Because there's no replacement for displacement.
Along with turbo lag, the other major complaint about turbocharged engines is their lack of emotional sound. A naturally aspirated or supercharged engine is what enthusiasts prefer. Ford is trying very hard to prove this wrong with its EcoBoost engine lineup, as evidenced by the optional 2.3-liter unit in the new 2015 Mustang. With more power and better fuel economy than the base V6 for not much extra money, buyers may think they're getting the best of both worlds.
But for those who really care about how their Mustang sounds, you ought to pay attention to this. Road & Track was doing a recent test drive of the Mustang EcoBoost when a fuse blew, causing the stereo and engine to suddenly go silent. Yes, the engine. Autoblog investigated this further and reached out to Ford for comment. That's when Ford admitted that yes, the Mustang EcoBoost comes with a system called Active Noise Control. A Ford engineer said that the system is "partially responsible for tuning and shaping the EcoBoost's note in the Mustang, (and that) the setup serves two distinct functions."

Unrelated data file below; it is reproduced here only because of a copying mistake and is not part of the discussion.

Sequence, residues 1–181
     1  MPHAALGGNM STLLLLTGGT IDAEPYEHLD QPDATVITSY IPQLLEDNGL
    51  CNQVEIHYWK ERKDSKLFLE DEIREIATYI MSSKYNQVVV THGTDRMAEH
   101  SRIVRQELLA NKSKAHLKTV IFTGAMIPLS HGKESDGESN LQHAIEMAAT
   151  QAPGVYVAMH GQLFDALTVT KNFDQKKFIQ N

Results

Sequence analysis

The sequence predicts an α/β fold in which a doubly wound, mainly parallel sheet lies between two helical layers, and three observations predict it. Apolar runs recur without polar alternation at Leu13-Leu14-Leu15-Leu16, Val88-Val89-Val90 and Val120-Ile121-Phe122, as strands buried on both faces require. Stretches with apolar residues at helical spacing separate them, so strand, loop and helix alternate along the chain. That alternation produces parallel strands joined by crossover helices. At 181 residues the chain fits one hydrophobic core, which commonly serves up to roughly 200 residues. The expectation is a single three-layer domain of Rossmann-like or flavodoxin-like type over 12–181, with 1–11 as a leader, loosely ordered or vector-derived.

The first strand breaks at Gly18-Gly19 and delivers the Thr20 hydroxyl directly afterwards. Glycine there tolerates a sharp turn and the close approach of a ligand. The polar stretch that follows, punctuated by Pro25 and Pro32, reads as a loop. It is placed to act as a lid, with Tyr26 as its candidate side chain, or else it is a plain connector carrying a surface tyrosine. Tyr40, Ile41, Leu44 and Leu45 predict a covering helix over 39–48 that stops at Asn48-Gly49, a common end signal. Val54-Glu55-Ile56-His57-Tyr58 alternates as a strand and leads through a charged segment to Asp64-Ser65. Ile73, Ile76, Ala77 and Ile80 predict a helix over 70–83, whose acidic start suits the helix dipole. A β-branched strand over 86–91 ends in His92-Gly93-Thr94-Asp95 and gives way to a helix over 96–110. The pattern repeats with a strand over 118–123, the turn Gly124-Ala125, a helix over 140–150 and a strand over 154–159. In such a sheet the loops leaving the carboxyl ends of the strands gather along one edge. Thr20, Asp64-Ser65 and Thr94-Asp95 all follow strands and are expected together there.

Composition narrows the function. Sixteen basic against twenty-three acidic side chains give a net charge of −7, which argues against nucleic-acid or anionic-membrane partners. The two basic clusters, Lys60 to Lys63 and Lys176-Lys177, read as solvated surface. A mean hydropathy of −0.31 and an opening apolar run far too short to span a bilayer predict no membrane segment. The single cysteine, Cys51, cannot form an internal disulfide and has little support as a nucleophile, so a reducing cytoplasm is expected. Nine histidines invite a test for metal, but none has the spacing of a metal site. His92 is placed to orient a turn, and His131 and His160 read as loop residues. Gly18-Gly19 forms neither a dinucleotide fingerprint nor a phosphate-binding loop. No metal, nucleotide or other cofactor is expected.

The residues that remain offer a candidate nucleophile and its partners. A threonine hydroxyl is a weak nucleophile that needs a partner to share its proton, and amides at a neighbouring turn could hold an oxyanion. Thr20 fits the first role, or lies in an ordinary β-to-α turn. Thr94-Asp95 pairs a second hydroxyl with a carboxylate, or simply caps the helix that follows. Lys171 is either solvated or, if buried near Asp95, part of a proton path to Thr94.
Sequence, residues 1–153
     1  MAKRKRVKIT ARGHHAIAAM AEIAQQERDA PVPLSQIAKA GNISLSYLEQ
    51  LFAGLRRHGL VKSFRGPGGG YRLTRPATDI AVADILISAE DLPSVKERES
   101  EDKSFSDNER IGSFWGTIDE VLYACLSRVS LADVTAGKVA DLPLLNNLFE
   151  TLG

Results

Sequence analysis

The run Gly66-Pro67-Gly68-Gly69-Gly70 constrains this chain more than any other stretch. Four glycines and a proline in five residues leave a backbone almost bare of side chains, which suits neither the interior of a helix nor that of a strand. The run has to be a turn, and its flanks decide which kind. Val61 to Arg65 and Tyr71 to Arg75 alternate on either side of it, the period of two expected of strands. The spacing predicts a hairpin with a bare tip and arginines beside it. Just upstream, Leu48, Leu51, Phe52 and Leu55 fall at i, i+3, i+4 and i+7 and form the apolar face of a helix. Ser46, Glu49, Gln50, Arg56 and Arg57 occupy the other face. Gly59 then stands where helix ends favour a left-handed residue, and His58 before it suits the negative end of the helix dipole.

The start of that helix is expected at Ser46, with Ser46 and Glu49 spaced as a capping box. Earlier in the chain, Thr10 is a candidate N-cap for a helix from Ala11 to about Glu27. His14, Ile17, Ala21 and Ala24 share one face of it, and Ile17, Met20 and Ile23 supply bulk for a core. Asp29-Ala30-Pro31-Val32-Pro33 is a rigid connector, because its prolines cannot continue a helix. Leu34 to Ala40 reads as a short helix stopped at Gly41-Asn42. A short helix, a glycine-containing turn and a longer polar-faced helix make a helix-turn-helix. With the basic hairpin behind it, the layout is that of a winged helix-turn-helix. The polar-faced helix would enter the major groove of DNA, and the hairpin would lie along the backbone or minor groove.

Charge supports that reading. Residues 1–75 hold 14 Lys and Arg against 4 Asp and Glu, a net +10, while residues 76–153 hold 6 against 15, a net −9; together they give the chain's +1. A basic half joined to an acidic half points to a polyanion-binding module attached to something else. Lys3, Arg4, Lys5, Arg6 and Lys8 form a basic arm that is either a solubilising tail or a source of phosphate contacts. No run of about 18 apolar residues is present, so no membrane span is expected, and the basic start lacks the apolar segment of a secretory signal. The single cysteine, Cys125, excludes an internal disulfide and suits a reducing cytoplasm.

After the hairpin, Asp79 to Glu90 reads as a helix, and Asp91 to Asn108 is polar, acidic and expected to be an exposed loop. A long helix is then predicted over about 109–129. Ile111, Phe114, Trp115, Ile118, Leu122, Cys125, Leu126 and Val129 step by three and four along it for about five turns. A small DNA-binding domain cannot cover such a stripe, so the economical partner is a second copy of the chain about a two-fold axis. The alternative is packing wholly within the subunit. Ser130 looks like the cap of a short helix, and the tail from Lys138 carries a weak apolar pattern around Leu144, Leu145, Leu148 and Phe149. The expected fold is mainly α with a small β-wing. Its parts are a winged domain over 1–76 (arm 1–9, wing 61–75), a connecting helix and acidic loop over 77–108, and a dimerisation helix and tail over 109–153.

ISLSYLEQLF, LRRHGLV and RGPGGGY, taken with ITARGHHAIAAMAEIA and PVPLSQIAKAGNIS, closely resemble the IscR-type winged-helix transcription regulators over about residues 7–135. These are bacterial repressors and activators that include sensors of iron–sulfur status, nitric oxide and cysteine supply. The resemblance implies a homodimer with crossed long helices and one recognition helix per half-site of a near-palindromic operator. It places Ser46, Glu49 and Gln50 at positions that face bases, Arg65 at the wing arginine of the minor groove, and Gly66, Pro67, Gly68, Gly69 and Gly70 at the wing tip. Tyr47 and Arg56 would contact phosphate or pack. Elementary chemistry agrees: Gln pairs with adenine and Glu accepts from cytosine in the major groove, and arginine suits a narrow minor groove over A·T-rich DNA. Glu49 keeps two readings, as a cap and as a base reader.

It cancels out some of the coarse noise and also allows Ford to enhance things by "layering in certain sound characteristics on top of what's already there." The engine processor basically monitors torque output and changes things accordingly. And no, it doesn't appear that Active Noise Control is needed for V6 and V8 Mustangs. After all, there's just no replacement for displacement.